Sunday, March 7, 2010

The Paleolithic diet -- worth knowing about

Well, I am still learning about this, but I am very intrigued by the so-called Paleolithic Diet. It seems that our ancestors during the pre-agricultural age didn't eat beans or any grains like wheat, rice, etc. Which kind of makes sense when you think about it, because these things are all grass, which is not exactly intuitively appealing. They also didn't do dairy. Can you imagine chasing and catching some giant wild animal ... and then MILKING it?? LOL. Although people have been drinking goat milk for a really long time, but not apparently during the paleolithic or before.

I think it's interesting because:

* well, the paleolithic diet happens to be, among other things, casein free and gluten free

* it is naturally low glycemic index, so it probably makes you less likely to get diabetes

* it is naturally high in fruits and vegetables, which we already know are good for us.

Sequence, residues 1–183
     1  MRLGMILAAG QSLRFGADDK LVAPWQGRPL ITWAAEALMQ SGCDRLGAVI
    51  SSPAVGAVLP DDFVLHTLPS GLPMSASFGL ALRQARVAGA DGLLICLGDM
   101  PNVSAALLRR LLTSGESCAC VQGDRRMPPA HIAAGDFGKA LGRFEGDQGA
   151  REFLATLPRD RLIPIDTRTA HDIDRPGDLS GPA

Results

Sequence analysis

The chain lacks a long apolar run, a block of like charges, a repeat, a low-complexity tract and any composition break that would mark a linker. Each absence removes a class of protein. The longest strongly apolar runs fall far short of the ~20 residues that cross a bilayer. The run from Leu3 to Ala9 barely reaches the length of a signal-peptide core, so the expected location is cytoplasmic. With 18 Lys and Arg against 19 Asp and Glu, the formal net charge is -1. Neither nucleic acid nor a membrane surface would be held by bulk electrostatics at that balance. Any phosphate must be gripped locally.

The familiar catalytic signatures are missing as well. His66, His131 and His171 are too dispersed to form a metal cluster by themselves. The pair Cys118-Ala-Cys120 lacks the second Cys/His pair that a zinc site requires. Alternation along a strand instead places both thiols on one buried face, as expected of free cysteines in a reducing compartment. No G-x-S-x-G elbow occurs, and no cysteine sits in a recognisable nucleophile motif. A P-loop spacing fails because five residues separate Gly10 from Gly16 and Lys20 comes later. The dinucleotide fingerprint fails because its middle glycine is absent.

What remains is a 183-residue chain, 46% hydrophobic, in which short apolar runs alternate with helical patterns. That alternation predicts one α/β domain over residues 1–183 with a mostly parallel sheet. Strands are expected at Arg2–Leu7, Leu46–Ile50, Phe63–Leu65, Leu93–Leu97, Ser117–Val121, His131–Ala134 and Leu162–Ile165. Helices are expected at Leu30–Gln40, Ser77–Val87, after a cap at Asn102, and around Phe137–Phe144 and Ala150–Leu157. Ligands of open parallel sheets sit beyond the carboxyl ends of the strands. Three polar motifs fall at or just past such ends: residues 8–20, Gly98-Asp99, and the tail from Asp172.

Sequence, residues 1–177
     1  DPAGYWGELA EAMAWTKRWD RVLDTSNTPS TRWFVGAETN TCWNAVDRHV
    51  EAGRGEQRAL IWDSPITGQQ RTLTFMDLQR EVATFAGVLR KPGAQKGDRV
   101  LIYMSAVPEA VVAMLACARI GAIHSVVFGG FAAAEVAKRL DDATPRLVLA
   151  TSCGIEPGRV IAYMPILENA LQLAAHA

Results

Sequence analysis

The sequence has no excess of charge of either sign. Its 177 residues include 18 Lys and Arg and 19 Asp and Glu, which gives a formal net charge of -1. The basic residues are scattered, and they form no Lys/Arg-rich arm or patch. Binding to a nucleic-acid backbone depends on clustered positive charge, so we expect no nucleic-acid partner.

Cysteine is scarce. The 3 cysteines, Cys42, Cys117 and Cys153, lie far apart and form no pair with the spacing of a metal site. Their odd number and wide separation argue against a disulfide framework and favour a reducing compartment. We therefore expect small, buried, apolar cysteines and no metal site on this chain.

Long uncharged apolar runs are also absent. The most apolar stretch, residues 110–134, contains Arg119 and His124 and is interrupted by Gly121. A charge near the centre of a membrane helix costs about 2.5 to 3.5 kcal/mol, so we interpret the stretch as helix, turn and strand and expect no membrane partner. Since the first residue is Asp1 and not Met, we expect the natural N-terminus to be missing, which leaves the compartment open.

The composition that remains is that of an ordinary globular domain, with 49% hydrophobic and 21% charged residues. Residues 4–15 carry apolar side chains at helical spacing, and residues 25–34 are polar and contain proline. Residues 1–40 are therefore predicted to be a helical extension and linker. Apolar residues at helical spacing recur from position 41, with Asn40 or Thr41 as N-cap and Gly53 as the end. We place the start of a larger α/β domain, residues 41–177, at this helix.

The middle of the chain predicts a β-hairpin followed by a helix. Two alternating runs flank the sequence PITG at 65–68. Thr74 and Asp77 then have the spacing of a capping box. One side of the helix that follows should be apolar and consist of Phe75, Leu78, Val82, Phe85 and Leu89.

They DID eat a lot of meat though! The catch here, though, is that their prey animals were all wild game, so they were very lean. (similarly, the fruit was all wild, so it wasn't nearly as sugary as what you get in the grocery store)

Apparently this means also ... a diet naturally low in saturated fat.

So ... it's interesting to study. Here's a really nice, thoughtful article:

The major downside to this diet? no sandwiches! no crackers! no cereal! how does one feed a toddler/preschooler?? what do I pack on the way to the playground? so far my best ideas are: (don't laugh ...) beef jerky (if I can find some not full of horrible chemicals), dried fruit (if I can find some without too much sugar), and maybe some of those vegetable chips (you can get beet chips and sweet potato chips now with no trans fats, only canola oil). For crunchy snacks I guess you get nuts and maybe carrot sticks? crudite?

My problem is that we also suspect food sensitivities, so I think we need to do an "elimination diet" where you only eat certain limited things and then add foods back one at a time to see what happens.

Throw in the chronic constipation in one kid with frequent diarrhea in the other, and planning a diet/nutrition plan gets really complicated.

So I'm not sure yet exactly what I'm going to do, but in the meantime, I think the paleo diet is definitely worth knowing about.

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